[ red tape ]
In 24 years at Second and Cecil B. Moore, Santiago Principe has seen Kensington transform around him. He watched factories close — he himself used to work at an old munitions factory a few blocks away — and families flee once-vibrant row-house blocks. He saw gangs, drugs and crime take over, and residents grow fearful of venturing out at night. More recently, he's seen a scattering of gentrifiers move in, filling new, modern houses built on long-vacant lots.
One thing he thought he might never see was the deed to his side lot, on which he'd pinned his dreams of success as a restaurateur and which he says the city had promised to sell to him for $1, in 1988.
Back then, Principe and his wife, Margarita, had agreed to clean up and acquire the lot, along with the next one over, both havens for short-dumpers and drug dealers. At first, he wanted to plant a garden; later, he hoped to build a roasting house for lechón, the Puerto Rican-style coal-roasted pig he serves at his restaurant, Lechonera Principe. He carted away 12 dumpsters of trash, and eventually received right of entry for the properties. But each time he tried to formalize the transaction, the price changed, and so did the rules.
About 10 years ago, he says, the city relented, telling him the lot at 239 Cecil B. Moore Ave. was his for $800. "I said, 'OK.' But then they told me, 'No, there's a problem,'" he explained in Spanish. "Then they sent me a letter saying I would have to pay $1,500, and I said, 'OK.' Then they said, 'No, you have to fill out more documents.'" The exchange dragged on for months, then years. "Then the officer sent a letter saying it would have to be $12,000. And they said, 'You have to pay the money quickly or we will sell it to someone else.'"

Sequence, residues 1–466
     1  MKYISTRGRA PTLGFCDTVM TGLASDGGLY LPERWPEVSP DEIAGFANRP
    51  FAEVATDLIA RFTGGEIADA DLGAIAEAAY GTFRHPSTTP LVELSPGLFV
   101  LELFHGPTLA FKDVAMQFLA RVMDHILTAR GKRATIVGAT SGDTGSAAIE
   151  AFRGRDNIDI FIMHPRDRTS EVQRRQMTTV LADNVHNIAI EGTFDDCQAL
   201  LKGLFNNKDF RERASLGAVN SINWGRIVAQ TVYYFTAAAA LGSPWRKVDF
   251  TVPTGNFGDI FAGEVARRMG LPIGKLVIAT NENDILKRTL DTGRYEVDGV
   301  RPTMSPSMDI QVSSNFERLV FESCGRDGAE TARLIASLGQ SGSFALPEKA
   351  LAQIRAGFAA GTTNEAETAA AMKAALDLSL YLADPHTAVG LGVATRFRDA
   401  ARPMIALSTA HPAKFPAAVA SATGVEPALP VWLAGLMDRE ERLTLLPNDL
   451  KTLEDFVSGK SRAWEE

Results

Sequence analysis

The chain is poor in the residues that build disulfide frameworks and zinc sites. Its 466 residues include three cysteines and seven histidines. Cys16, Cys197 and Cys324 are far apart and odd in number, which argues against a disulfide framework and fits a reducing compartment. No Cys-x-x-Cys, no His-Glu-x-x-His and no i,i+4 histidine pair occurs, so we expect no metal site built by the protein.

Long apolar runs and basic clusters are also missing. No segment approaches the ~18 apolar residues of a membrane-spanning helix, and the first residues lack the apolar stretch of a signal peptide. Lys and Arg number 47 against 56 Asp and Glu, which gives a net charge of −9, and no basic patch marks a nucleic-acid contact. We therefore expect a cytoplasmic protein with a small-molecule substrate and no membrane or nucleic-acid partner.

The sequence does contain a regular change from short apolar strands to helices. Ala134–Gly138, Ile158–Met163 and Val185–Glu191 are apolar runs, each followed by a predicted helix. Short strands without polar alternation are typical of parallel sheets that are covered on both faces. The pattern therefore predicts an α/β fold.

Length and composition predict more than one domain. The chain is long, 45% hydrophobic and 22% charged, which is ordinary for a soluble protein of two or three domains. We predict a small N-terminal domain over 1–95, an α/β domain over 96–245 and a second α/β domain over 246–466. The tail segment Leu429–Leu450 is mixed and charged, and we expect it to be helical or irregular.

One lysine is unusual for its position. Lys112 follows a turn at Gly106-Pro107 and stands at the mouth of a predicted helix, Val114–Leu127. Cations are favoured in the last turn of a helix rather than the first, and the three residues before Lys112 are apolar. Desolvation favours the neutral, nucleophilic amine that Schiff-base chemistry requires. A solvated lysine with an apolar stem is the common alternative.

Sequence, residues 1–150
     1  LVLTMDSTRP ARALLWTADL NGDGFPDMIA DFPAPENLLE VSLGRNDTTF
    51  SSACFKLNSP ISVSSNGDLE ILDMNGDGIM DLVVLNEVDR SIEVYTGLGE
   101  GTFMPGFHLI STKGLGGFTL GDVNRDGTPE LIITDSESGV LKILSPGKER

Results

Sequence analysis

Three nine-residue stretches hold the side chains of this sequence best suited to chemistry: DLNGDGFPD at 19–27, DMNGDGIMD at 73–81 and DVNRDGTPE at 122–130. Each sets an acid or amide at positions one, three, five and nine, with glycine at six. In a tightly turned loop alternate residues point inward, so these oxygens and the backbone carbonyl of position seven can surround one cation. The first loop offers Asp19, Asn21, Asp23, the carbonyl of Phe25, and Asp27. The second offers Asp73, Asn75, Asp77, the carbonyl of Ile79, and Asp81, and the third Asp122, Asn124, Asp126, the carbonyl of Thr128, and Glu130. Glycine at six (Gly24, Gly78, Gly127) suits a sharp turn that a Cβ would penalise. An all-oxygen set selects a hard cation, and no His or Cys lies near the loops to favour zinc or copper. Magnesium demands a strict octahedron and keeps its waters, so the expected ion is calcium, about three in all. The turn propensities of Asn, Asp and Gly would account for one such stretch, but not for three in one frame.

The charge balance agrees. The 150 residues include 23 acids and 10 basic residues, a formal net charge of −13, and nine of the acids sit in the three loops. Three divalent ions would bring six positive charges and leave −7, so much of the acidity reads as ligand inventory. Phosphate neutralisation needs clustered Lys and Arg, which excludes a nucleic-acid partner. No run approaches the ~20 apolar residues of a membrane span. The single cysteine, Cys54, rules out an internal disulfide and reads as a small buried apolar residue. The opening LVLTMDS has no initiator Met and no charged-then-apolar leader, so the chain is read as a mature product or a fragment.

It's hard to pin down the amount of paperwork drawn up and time spent — by city officials, by Principe himself and by the nonprofit Finanta, which has been advocating for him — on this, by all accounts, not terribly desirable 810-square-foot tract of dirt and rubble. And it's not clear why this particular lot took so very long to procure.
What is evident is that Principe was mired in a dysfunctional system that has left an estimated 9,000 properties languishing under city ownership. It's a system in which transactions stall indefinitely, prices can vary wildly (and change at the last minute) and numerous city departments can play a role in processing (or obstructing) land disposition.
This week, the city outlined the long-awaited "Front Door," a single point of purchase for vacant properties owned by the Philadelphia Redevelopment Authority (PRA), the Department of Public Property and the Philadelphia Housing Development Corp. While the associated website will make it easier to enter the process, Principe's odyssey illustrates how circuitous that process can be even once a purchase is in the works — and how badly reform is needed.